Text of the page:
Sign outside Urban Grill and Wine Bar in Foothill Ranch, Calif., expressing economic frustration of many restaurant owners. (Jonathan Lansner/SCNG)
California has 17 metropolitans among 100 regional economies at the greatest risk of severe damage from coronavirus fallout.
Moody’s Analytics looked at medical, demographic and economic stats to see how 403 U.S. metros compare in terms of potential economic sensitivity to what is expected to be a huge national economic slowdown due to business limitations designed to stem the pandemic’s spread.
California had three metros in the Top 10. The metro at most risk was Kahului-Wailuku-Lahaina in Hawaii followed by San Francisco, the New York metro area, Miami, Las Vegas, Honolulu, Orlando, San Rafael, Oakland and Philadelphia.
“With a recession now all but inevitable in the wake of the COVID-19 pandemic, every region in the U.S. will suffer — it is simply a question of degree,” said Adam Kamins, Regional Economist at Moody’s Analytics.
The 403 metros were scored on their links to the disease, from populations at high risk of infection to industries hard hit by business limitations.
Moody’s ranked regional virus exposure (infection rate and foreign travel); metro demographics (density, 65-plus residents and migration); local trade and travel (plane trips and exports); the area’s tourism (jobs and share of gross domestic product); finance (financial employment and investment income); and share of commodities business (mining and energy excavation).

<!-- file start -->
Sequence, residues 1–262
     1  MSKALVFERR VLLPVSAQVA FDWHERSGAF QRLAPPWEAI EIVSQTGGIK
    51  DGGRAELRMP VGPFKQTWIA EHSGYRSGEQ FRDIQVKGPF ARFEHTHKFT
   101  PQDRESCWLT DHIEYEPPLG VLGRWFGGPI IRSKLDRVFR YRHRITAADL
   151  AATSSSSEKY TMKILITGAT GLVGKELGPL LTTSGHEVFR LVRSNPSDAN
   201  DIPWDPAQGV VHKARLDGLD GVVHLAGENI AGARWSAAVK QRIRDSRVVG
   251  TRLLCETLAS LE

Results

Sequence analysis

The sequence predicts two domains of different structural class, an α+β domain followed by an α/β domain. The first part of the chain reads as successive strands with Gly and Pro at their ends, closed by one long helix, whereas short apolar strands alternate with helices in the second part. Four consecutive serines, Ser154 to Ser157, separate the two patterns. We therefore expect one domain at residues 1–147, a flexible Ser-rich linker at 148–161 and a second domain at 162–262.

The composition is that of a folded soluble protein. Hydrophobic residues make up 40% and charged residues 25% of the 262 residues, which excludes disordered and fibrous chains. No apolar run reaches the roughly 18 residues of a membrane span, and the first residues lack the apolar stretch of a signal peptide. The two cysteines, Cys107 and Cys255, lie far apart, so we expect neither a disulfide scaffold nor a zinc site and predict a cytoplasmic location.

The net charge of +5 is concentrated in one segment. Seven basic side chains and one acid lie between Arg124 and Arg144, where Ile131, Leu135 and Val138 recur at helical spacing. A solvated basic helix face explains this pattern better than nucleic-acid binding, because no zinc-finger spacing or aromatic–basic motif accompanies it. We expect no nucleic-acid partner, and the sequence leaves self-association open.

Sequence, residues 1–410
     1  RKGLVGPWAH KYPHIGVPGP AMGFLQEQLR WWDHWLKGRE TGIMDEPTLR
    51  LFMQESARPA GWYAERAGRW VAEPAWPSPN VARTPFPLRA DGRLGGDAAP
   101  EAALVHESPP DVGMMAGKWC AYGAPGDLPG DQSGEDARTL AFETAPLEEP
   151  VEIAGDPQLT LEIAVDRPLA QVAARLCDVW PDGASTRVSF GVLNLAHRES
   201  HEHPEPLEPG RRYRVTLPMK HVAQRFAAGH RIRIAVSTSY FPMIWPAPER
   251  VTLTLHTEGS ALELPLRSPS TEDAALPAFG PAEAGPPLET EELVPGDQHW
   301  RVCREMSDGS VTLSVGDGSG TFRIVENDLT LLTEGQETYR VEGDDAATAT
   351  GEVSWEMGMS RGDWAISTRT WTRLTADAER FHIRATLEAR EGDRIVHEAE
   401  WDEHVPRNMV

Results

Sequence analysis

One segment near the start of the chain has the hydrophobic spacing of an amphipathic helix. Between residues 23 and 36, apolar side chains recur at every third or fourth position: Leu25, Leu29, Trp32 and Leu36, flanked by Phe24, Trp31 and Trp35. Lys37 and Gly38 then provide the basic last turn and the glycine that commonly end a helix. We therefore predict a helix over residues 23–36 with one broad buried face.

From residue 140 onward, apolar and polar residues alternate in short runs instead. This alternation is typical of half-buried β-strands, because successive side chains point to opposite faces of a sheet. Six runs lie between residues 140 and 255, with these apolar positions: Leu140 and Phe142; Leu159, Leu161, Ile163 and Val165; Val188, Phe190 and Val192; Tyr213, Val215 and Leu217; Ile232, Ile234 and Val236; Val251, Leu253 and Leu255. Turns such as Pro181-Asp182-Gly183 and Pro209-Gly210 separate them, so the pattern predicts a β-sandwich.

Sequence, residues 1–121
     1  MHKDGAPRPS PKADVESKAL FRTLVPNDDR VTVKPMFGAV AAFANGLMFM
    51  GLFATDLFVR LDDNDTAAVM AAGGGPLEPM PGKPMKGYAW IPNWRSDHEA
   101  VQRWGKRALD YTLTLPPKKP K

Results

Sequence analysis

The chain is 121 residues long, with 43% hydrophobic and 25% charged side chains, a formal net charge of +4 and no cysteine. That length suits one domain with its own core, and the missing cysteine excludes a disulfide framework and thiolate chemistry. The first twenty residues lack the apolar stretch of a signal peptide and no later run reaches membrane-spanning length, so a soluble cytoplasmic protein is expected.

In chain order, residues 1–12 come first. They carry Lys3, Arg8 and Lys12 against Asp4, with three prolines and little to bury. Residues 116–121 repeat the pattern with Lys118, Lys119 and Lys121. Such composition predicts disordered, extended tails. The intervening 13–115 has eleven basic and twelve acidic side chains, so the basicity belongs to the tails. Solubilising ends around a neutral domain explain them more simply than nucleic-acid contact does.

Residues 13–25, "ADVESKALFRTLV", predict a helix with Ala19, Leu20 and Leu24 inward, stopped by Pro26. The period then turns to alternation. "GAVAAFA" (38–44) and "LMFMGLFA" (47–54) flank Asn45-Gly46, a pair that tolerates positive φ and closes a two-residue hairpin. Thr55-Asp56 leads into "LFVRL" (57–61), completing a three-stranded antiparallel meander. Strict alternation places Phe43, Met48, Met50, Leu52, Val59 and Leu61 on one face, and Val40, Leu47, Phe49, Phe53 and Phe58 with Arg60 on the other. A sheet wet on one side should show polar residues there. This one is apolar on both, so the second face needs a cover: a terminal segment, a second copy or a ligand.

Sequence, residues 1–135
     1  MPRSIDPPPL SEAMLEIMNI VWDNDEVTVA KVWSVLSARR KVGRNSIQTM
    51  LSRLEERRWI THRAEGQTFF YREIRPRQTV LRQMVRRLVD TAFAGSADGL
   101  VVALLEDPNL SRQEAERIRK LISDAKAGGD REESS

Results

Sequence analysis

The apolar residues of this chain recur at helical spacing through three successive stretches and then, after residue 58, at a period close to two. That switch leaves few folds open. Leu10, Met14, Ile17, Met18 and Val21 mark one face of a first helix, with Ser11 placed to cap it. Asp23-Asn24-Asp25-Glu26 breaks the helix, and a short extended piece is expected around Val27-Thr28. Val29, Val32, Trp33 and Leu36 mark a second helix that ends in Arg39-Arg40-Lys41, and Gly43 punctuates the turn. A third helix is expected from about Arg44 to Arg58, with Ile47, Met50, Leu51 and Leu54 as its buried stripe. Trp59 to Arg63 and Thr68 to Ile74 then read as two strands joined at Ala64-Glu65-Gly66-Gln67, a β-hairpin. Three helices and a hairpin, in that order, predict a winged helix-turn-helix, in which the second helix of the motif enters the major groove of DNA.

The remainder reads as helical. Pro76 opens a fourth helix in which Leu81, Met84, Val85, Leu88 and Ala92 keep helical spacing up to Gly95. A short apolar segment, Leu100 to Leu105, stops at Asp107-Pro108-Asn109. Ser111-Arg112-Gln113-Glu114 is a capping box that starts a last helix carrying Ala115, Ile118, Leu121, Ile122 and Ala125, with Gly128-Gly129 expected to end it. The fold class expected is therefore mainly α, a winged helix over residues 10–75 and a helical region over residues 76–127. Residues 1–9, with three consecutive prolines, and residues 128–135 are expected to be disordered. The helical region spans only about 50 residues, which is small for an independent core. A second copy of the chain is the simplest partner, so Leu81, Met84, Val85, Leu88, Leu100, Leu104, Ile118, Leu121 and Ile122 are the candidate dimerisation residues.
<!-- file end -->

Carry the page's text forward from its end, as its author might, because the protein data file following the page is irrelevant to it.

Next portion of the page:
Other California metros in the Top 100 riskiest were San Jose-Santa Clara (15), Orange County (16), Los Angeles (22), El Centro (25), Salinas (28), San Diego (44), Napa (48), Santa Barbara (52), San Luis Obispo (78), Madera (82), Bakersfield (90), Ventura County (94), Sacramento (99) and Visalia-Porterville (100).
California’s lowest-risk economies were Redding at No. 323 of 403; Chico at No. 205 and the Inland Empire at No. 176.
Looking at the categories of concern, by Moody’s math, national leaders were:
Exposure: San Jose-Santa Clara, San Francisco and the New York metro area.
Demographics: Philadelphia, Orange County and the New York metro area.
Trade/travel: Kahului-Wailuku-Lahaina, Longview, Wash. and Laredo, Tex.
Tourism: Kahului-Wailuku-Lahaina, Flagstaff and Las Vegas.
Finance: Bridgeport, Conn., Naples, Fla. and Boston.
Commodities: Midland, Tex., Farmington, N.M. and Enid, Okla.
At the state level, Nevada’s economy was at greatest risk, followed by Hawaii, Washington, Florida, New York, District of Columbia, Louisiana, Texas, Massachusetts and California.
Moody ranks California’s risks as third-highest in exposure, No. 45 in demographics, No. 21 in trade/travel, No. 11 in tourism, No. 12 in finance and No. 22 in commodities.